Thursday, October 31, 2013

The Shining Knight Guest Stars

"The Shining Knight Guest Stars" from Stars and S.T.R.I.P.E. #12 (DC, 2000) by Geoff Johns, Lee Moder and Dan Davis
Yay, 7 Soldiers of Victory! I always hear good things about Geoff Johns' take on the Star-Spangled Kid and Stripesy, probably because it could stand as proof Johns isn't all darkness and violence (to be fair, there are other books that would do, like Booster Gold and Adventure Comics). It really is everything the New52 isn't, am I right?

Wednesday, October 30, 2013

Sturm und Drang

"Sturm und Drang" from Starman vol.2 #39 (DC, 1998) by James Robinson, Tony Harris and Wade von Grawbadger
James Robinson sort of became DC's new Roy Thomas with Starman, not just because he made use of Golden Age characters, but over the last 20 years, also dusted off obscure ones from intervening years (many from First Issue Special). If Robinson likes to wax nostalgic, his Starman is ABOUT nostalgia, with Jack Knight, latest in the Starman line, running a nostalgia shop and himself struggling with the past. How can he be in love with the past, and yet have such a difficult relationship with his father? In some ways, Starman is really about the post-Crisis DC Universe, specifically its heroic legacies (villainous ones as well). Even the cops in Opal City are part of a long line of iconic cops. And Opal City. Robinson and Harris created an iconic city to rival Metropolis and Gotham City there, and in a fraction of the pages, indeed from issue 1. Wow, I need to reread this series some time.

Tuesday, October 29, 2013

Starman No More

"Starman No More" from Starman vol.1 #21 (DC, 1990) by Roger Stern, Tom Lyle and Scott Hanna
If that image reminds you of Spider-Man's costume in a trash can, it's because that's totally the reference they're going for. And appropriate, because the Will Payton Starman was a Marvel teen hero type, indeed, I'd call him the Firestorm of the late 80s. Tom Lyle seemed to specialize in youthful heroes (Robin, the Comet, and this), which made the first 30 issues, written by the always solid Roger Stern, a pleasant journey of heroic discovery. And though the costume's yellow and purple color scheme has always reminded me of those sugary two-toned lollipops (what are those called?), I never much minded. I suppose the black and red was better, but not as idealistic. After Len Strazewski came on board as writer, things sadly flattened out, though he managed to pump out 16 more issues before the book met its end.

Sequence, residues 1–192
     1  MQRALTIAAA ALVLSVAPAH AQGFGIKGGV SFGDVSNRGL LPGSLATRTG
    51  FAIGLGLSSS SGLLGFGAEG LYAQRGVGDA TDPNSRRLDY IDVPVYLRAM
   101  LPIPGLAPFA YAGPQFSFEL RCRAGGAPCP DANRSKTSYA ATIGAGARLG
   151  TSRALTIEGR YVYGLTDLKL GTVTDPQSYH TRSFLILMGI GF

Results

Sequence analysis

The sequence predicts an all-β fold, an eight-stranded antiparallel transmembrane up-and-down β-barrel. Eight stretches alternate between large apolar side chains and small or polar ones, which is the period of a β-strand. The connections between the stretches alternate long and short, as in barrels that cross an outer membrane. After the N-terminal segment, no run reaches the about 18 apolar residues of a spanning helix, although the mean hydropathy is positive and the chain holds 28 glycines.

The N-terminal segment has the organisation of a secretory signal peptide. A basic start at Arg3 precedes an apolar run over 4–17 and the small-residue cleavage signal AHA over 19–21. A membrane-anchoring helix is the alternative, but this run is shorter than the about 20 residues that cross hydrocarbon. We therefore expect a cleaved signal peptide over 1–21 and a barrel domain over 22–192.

Monday, October 28, 2013

Starfire Leaps Into Shadow

"Starfire Leaps Into Shadow" from Starfire #6 (DC, 1977) by Steve Englehart, Mike Vosburg and Vince Colletta

Sunday, October 27, 2013

After Star Trek IV: The Voyage Home

"After Star Trek IV: The Voyage Home" from Star Trek: Debt of Honor GN (DC, 1992) by Chris Claremont, Adam Hughes and Karl Story
Siskoid's Blog of Geekery covered every single Star Trek comic DC ever published (and Marvel, and Malibu, and Gold Key, and almost all the IDWs, etc.), and they don't usually offer up outstanding splash pages. Mostly, it's fair to mediocre likenesses or photo referenced art, though DC did have some good runs, especially with the movie era original cast of characters supplemented by new characters. But for art, I've chosen one of the graphic novels, Debt of Honor, the review to which you can find HERE.

Saturday, October 26, 2013

The Unknown Soldier's Greatest Role

"The Unknown Soldier's Greatest Role" from Star Spangled War Stories #156 (DC, 1971) by Bob Haney and Joe Kubert
So picking up Star Spangled Comics' numbering with #131, this series turned to the war comics popular at the time and managed to stay in publication for another 15 years, until 1977's #204. In its heyday, it published some memorable strips - Mademoiselle Marie, The War That Time Forgot, Enemy Ace and Unknown Soldier (who took over the numbering with #205 LET'S KEEP GOING!) - and a heck of a lot of Joe Kubert covers.

Friday, October 25, 2013

Liberty Belle vs. the Axis

"Liberty Belle vs. the Axis" from Star Spangled Comics #33 (Detective, 1944) by Don Cameron and Chuck Winter
Liberty Belle is an old favorite from All-Star Squadron and her Golden Age stories seem to have a nice, sleek style. She wasn't Star Spangled Comics's only, or even main, feature of course. The headliners were Star-Spangled Kid and Stripesy, the Newsboy Legion and eventually, Robin in solo stories, giving the book a distinctly youthful flavor. Of course, there were more adult heroes, like Belle, but also Tarantula, TNT and Dan the Dyna-Mite, and Robotman. The book eventually phased out superheroes in favor of strips like Tomahawk and horror stuff, until it became Star Spangled War Stories with #131.

Thursday, October 24, 2013

Mars or Bust

"Mars or Bust" from Stanley and His Monster #109 (DC, 1968) by Arnold Drake, Bob Oksner and Tex Blaisdell
First appearing in Fox and the Crow #95, Stanley and His Monster had taken over the book completely by issue 109, and closed the book with 112. I don't know if Bill Watterson ever took inspiration from this strip, because it very much has the same basic premise as Calvin and Hobbes, but regardless, it's nowhere near as funny or charming. Kids' fare, with some amusing art here and there, but little more. If you want to read some S&HM, I'd rather you found Phil Foglio's 90s mini-series, which tied into Gaiman's Sandman, believe it or not, while remaining a cartoony humor comic.

Wednesday, October 23, 2013

The Flames of Hell

"The Flames of Hell" from Stalker #3 (DC, 1975) by Paul Levitz, Steve Ditko and Wally Wood
At 4 issues, Stalker is kind of a mini-series before there were such things. He sells his soul to get combat abilities, and is kind of Ditko's answer to Kirby's Demon. Always thought the concept had a lot of potential, but though he's appeared a number of times (most recently in Sword of Sorcery), never really fulfilling that potential.

Tuesday, October 22, 2013

Spirit in Blood

"Spirit in Blood" from The Spirit vol.2 #2 (DC, 2010) by Mark Schultz and Moritat